Boulder turned white while we were there. The day before, Colorado experienced 70 degrees of sunny bliss. The next day, with temperatures in the high 30s, snow fell for about twelve hours, covering everything and us. A few people were gracious and interested enough to stand in the cold with us and dialogue. My favorite conversation that day was with a young man who thought that life did not begin at conception, it began with everything that came together to make our existence possible. We connected over a Doctor Who reference that brought the whole concept together. (For fellow fans of the show, that reference was: "I blew into this world on a leaf.") With this view, it was hard for us to establish in the conversation what makes a potential human person become a real human person with value and the basic right to life. Thanks to help from Steve, an umbrella, and a cup of hot soup, we got through the long, complicated conversation. We parted with a better understanding of each other's views.

Now, back at home in Wichita, I'm looking forward to a few days of rest. May does not have any events scheduled for me as of yet, so I will probably be doing many intern-type things, learning the seminar, training as a mentor, dancing, and spending time with Grace. Please pray for continued restful nights. I'm grateful to have not had a nightmare since early March. Pray also for the men and women we have encountered on campus this year and an end to abortion.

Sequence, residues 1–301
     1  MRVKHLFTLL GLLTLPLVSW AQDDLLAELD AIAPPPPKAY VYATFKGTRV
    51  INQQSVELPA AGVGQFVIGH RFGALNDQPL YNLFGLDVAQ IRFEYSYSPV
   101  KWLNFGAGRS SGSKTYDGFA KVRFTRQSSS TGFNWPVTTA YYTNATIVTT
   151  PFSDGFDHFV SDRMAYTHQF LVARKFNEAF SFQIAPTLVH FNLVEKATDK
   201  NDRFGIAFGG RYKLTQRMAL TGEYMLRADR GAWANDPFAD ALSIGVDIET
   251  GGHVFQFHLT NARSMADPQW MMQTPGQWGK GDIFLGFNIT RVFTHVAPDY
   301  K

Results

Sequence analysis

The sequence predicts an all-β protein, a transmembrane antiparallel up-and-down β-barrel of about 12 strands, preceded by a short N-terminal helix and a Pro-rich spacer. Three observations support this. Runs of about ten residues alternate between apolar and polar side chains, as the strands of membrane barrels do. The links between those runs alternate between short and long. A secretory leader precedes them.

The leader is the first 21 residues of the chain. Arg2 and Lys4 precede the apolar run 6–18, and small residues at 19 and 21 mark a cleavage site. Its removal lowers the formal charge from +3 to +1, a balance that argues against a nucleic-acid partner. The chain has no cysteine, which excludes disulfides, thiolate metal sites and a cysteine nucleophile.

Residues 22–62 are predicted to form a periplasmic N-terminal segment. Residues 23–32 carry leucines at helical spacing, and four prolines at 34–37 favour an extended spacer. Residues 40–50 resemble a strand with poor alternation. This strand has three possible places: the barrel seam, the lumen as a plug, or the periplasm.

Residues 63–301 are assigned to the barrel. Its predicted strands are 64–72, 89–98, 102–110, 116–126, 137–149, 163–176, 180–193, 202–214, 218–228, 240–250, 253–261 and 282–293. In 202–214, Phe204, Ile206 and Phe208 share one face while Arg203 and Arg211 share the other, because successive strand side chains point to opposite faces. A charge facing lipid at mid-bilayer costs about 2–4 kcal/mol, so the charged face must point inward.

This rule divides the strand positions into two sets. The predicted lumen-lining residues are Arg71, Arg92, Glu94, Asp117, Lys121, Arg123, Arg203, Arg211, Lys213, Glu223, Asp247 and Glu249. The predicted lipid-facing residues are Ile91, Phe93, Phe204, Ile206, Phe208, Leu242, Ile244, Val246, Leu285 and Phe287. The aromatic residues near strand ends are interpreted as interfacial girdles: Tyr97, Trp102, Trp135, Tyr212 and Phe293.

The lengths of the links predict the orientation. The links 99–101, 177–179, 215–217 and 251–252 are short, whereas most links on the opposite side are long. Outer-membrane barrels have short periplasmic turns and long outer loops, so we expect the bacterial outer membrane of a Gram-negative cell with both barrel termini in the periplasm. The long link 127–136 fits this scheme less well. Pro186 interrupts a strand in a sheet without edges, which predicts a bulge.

Thursday, April 26, 2018


March really was an adventure. From Stillwater, Oklahoma, to Mt. Nebo, Arkansas, to Lawrence, Kansas, March has been full of driving. There was more to it than that, but everything is so far away in the mid west!

Have a sunrise:
This was my view on March 4 with Grace and Maria. I think I can speak for them when I say we had a great time planting trees for monks at Clear Creek Abbey and a hilarious road trip out to Mt. Nebo and back. Such a blast.

JFA brought the team to University of Kansas (KU) from March 10-13. That was an adventure. I got to speak for the first time in two seminars that weekend. Having been certified in two speaking sections, I already feel more familiar with the concepts that we use to create personable, informed dialogue about abortion.